As the state of Florida's population continues to rise, so does the
interest in real estate opportunities by developers and investors.
According to CNN, Florida soon may pass New York as the most
populous state in the country. Further, Stan Smith, population program
director at the University of Florida, projects that Florida could
overtake New York even as early as this year or next.
With this incredible growth across the state, developable land is becoming increasingly scarce and ever more valuable, prompting many in the real estate market to act quickly before prices escalate.
Although mild weather continues to be a strong contributing factor to this growth, one also can point to other societal changes, such as a decline in manufacturing in the northeast, as well as immigration from other states and from abroad. Conventional wisdom has been that people in the twilight of their lives would move to sunny Florida is, many are seeking its haven for career and investment opportunities, as well.
From the Panhandle all the way down to Key West, the prime metro markets throughout Florida are experiencing a boom of sorts. For example, Orlando, home to Walt Disney World Resorts, dramatically has outpaced the population growth of both the states of Florida and the United States in its entirety. Since 2000, the U.S. population has grown by 9.71% Over that same span, Florida's population as a whole has grown by 17.67%. On top of that, Orlando has experienced a whopping 28.15% growth during this period, far exceeding the state's overall impressive growth.
South Florida, with its broad appeal to the international market, is of particular interest to developers and investors. For both residential and commercial real estate opportunities, the counties of Miami-Dade, Broward, and Palm Beach continue to offer great and broad appeal. As turmoil around the world causes many international investors to want to "park" their money in the U.S., many choose South Florida due to its proximity to their native country (notably in Latin America), its attractiveness as a vacation spot, and its diverse demographic mix.
Central Florida - generally encompassing the Orlando, Tampa, Clearwater, Lakeland, and Daytona Beach markets - possesses several demographic, political, and cultural elements that distinguish it from other areas of the state. While North Florida (Jacksonville and the Panhandle) overwhelmingly is considered to be politically conservative, and South Florida is considered to be more liberal, the majority of Central Florida residents consider their area to be on the moderate side. Tourism, not surprisingly, is by far the most significant industry in both Central and South Florida, along with a much smaller but still important agricultural industry. Central Florida's climate is ideal for growing strawberries, citrus, and various vegetables. As a high-tech industrial hub, Metro Orlando has the seventh largest research park in the United States. Central Florida Research Park, the engineering and business school of the University of Central Florida, caters to defense companies, such as Lockheed Martin and Siemens. Central Florida's rise in popularity also is attributed to its appeal to military veterans, with an estimated 400,000 living in the ten counties of Central Florida. This demographic group's growth prompted the Veterans Administration to build a $665 million hospital in Lake Nona.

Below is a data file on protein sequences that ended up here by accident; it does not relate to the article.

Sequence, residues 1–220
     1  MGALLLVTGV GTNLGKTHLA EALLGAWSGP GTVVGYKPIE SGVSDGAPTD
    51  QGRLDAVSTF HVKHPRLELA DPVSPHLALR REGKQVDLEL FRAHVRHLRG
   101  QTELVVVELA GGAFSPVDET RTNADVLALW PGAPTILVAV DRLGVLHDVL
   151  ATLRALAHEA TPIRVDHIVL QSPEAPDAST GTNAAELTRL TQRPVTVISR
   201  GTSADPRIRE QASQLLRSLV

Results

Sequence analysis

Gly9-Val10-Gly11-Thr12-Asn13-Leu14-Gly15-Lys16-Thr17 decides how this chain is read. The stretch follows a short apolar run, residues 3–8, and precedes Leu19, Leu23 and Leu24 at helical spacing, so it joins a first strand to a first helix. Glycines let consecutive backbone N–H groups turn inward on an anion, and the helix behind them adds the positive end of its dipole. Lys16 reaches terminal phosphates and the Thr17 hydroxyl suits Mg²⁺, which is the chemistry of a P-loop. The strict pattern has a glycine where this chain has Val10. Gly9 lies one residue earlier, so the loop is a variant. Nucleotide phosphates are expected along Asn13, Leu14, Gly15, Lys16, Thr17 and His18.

As a reflection of the state's top-to-bottom appeal, the two cities with the highest population are at opposite ends, with Jacksonville ranked first and Miami ranked second. Tampa and Saint Petersburg come in third and fourth, respectively.
Clearly, regardless of where one looks throughout the entire state of Florida, the opportunity for growth in both the residential and commercial sectors is consistently strong and on the rise.